Admittedly, Merkel is a conservative whose main opposition happened to share government with her over the past four years. But if the recession is meant to make incumbents shaky the world over, she has magnificently bucked the trend. Germans feel reassured by her leadership and her solutions. Labour must be wishing they had a leader of even a quarter of that level of competence.
For as they gather for their pre-election conference, delegates are greeted by a desperate cry from a normally quiet Chancellor. Alistair Darling tells the Observer today that Labour has seemingly "lost the will to live". The damning thing about his assessment is that (a) it comes from a man not normally given to over-statement, and (b) it happens to be true.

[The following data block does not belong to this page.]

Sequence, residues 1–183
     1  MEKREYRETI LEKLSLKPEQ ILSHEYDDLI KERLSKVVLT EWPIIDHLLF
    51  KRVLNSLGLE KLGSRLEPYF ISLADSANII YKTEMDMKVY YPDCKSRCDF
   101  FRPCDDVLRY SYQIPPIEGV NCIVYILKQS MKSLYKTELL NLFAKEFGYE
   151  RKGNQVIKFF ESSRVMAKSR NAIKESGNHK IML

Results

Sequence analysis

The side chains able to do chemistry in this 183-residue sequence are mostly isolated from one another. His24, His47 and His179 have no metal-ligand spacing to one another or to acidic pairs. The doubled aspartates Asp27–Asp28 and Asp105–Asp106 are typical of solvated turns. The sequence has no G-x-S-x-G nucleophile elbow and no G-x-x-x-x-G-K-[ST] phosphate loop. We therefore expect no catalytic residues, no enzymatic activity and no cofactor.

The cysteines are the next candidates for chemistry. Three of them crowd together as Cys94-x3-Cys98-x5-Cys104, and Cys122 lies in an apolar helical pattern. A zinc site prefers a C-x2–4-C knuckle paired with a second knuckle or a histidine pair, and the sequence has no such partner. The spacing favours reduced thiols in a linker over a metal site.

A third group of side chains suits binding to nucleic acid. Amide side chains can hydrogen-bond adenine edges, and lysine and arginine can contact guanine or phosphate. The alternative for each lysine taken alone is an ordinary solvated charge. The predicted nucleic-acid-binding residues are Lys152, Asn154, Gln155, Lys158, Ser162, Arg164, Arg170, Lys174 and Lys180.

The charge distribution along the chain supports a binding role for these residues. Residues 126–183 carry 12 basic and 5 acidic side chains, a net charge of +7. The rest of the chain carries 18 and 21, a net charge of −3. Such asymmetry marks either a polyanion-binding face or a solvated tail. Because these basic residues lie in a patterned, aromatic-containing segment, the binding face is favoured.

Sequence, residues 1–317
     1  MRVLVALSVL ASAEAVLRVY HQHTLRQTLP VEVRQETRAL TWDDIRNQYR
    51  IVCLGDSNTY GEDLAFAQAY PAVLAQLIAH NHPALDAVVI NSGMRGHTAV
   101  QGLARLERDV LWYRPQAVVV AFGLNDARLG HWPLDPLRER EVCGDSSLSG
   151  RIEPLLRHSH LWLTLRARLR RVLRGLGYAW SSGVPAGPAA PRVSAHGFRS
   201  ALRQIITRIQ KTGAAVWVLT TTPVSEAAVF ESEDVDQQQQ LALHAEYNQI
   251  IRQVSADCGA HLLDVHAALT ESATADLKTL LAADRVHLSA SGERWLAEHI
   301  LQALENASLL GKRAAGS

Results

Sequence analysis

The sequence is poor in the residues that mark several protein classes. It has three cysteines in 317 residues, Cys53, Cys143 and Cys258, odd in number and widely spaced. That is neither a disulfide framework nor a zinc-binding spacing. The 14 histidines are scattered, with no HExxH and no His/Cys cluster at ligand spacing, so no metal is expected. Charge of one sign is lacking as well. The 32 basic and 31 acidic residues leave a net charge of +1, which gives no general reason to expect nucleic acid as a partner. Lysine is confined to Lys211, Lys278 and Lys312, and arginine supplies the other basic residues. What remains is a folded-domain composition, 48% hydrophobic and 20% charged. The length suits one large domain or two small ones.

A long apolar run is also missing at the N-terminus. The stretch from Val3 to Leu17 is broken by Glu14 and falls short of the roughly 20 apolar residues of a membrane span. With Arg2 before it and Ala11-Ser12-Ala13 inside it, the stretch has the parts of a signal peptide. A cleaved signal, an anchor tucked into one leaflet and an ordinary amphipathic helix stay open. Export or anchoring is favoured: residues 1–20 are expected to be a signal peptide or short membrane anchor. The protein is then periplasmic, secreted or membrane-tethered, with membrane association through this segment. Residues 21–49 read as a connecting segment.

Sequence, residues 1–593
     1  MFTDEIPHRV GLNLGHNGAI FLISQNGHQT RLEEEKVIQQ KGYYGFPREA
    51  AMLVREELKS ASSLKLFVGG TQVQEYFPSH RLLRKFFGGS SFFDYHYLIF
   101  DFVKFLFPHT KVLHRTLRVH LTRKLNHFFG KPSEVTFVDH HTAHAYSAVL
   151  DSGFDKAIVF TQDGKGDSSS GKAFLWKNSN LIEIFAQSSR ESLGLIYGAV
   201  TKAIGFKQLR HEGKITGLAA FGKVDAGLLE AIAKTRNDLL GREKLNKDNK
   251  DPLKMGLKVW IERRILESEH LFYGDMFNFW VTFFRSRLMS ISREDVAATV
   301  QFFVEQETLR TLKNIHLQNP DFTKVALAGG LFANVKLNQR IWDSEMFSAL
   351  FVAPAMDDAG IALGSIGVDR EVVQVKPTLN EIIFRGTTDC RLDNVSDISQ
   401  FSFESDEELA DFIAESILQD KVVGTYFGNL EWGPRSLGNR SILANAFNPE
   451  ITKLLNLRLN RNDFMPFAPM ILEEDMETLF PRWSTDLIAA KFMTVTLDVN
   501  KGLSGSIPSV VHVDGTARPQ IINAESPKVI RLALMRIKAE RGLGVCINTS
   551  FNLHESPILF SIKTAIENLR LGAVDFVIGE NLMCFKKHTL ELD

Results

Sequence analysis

The strange thing is that it really doesn't need to be like this. If Brown had any real leadership abilities at all, he should be able to devise not only a suitable defence of his own actions during the worst of the recession - after all, he was applauded by a Nobel prize-winning economist - but he should be able to handily expose the Tories' genuine policy vacuum. Fronted by the charming Mr. Cameron, there is still plenty of reason to be suspicious of the Tories' cut and slash tendencies, of their innate right-wing bunkerism, of the lasting presence in their party of so many activists who just, really, don't much like the human race. That Brown can't land his punches is a wider sign of his lamentable failure in the position he fought and plotted and schemed so hard for so long to get. He is politically tone deaf, he is a centraliser par excellence, and he is possessed of a caution so painful it's surprising he ever manages to cross the road on his own. Can he use the conference to stir things up and make a fight of the next few months? Somehow I doubt it, but stranger things can happen.